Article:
Wednesday, July 12, 2017

The Founders’ Go-To Text

The book has two main parts. In the first, Dreisbach shows the pervasive influence of the Bible on American public culture (chapter 1), the Founding Fathers (chapter 2), and political discourse at the time of the Founding (chapter 3). Part 2 explores specific Bible verses—Micah 6:8 (chapter 5), Proverbs 14:34 (chapter 7), Proverbs 29:2 (chapter 8), and Micah 4:4 (chapter 10)—as well as thematically arranged content on resistance (chapter 6) and liberty (chapter 9). After each chapter in part 2, Dreisbach also offers an example of the Bible in the context of American history; for example, George Washington taking his presidential oath with his hand on an open Bible.

 

In his illuminating Reading the Bible with the Founding Fathers, Daniel L. Dreisbach shows how early Americans used the Bible both as an intellectual sourcebook and as a tool for moral instruction. He thinks “the Bible was the most authoritative, accessible, and familiar book in eighteenth-century America.” But be comforted, O Unbeliever! This book is not a work of Christian apologetics.

“A claim of biblical influence,” Dreisbach writes, “does not suggest that the founders were theocrats intent on imposing a biblical order on the polity.” On the contrary, he says, “Believers and skeptics alike made use of the Bible.” The American University professor is admirably cautious, avoiding the Scylla of making every Founder a deist and the Charybdis of making every reference to the Bible a mark of true Christian piety.

Nevertheless, Dreisbach has an agenda. He exhorts students of the Founding “to be attentive to how the founders read the Bible and its place in the political culture of the founding era.” His advice is not just for fellow academics. The “biblical illiteracy” of our age “inevitably distorts the conception Americans have of themselves as a people, the nation, and their political experiment in self-government.”

The book has two main parts. In the first, Dreisbach shows the pervasive influence of the Bible on American public culture (chapter 1), the Founding Fathers (chapter 2), and political discourse at the time of the Founding (chapter 3). Part 2 explores specific Bible verses—Micah 6:8 (chapter 5), Proverbs 14:34 (chapter 7), Proverbs 29:2 (chapter 8), and Micah 4:4 (chapter 10)—as well as thematically arranged content on resistance (chapter 6) and liberty (chapter 9). After each chapter in part 2, Dreisbach also offers an example of the Bible in the context of American history; for example, George Washington taking his presidential oath with his hand on an open Bible.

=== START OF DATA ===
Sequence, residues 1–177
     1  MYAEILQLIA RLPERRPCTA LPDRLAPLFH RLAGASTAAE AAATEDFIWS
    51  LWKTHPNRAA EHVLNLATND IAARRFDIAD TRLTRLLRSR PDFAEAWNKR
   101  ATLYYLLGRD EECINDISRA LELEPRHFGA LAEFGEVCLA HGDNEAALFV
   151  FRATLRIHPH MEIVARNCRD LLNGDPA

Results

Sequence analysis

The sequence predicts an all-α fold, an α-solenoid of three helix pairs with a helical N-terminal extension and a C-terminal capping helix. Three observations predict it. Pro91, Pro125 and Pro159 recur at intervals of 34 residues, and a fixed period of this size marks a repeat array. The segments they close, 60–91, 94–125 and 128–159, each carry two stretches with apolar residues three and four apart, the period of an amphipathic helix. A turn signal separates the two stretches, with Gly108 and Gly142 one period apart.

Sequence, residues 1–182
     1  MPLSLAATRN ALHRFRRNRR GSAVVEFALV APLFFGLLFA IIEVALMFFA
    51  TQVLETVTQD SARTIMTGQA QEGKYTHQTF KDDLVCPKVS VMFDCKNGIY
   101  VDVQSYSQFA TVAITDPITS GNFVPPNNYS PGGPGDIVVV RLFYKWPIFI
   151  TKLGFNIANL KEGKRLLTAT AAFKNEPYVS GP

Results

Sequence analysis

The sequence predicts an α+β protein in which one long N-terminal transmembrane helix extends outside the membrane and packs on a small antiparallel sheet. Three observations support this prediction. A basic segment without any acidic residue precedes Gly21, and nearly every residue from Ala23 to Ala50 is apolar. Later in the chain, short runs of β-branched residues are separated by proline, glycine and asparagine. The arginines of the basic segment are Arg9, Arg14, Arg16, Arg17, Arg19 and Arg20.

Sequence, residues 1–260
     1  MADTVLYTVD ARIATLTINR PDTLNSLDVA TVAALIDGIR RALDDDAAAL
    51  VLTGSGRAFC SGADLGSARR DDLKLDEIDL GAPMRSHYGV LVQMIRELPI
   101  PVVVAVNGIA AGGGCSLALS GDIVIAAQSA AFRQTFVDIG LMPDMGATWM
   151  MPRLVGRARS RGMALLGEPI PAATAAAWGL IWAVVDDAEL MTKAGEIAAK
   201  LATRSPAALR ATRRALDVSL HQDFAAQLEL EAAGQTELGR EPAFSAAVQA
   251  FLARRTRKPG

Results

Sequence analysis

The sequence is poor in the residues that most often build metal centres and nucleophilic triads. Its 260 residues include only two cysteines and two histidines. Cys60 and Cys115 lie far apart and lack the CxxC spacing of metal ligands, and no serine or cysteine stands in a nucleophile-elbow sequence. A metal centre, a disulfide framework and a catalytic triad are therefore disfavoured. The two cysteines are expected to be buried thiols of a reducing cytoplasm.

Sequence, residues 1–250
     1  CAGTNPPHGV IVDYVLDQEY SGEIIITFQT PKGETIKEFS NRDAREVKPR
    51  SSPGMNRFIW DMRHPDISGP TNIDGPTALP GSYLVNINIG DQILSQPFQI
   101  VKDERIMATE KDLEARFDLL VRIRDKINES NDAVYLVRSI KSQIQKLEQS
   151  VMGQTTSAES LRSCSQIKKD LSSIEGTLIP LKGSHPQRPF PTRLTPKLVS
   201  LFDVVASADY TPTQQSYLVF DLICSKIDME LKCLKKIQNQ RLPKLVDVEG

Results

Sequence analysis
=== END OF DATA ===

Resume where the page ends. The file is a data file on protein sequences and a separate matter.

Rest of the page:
Not everyone sees the Founding through Dreisbachian spectacles. The author quotes the late Wilson Carey McWilliams, for example, as saying that the Founding generation, far from using the Bible, “rejected or deemphasized the Bible and biblical rhetoric.” Also cited is John Fea’s claim that “one is hard-pressed to find any Christian or biblical language apart from a few passing references to God” in the arguments made by colonial leaders prior to 1776.

Dreisbach sets the stage for his rebuttal with Donald S. Lutz’s selective survey of American documents from 1760 to 1805. A single biblical book, Deuteronomy, occurs more often than the Baron de Montesquieu’s Spirit of the Laws—indeed, Deuteronomy is cited almost twice as often as John Locke’s entire corpus. “The American founders drew on a variety of sources and authorities,” Dreisbach notes, “but no source was better known or more authoritative and accessible in their culture than the Bible.” He makes clear that he takes the word “Founders” to include far more than Franklin, Washington, Adams, Jefferson, Madison, and Hamilton. The term describes “a cast of thousands who played their patriotic part at the local, state, and/or national levels.”

The book is at its best—and shows how it is “the product of three decades of research”—when Dreisbach makes a point about the Bible and then uses a Founder to illustrate his observation or, even better, quotes a Founder making his point for him. Such is the case when Dreisbach claims that “the founding generation wove biblical language, often without quotation marks or explicit references” because “quotation marks and citations were unnecessary to identify the source of words so familiar to a biblically literate people.”

Dreisbach’s opponents may take issue with him here. Perhaps the Founders used biblical phrases without even knowing they were in the Bible. Dreisbach thinks the reverse is far more likely. The Founders knew the Bible, even if historians do not: “The failure to recognize Washington’s numerous biblical references perhaps indicates widespread biblical illiteracy among modern scholars.”

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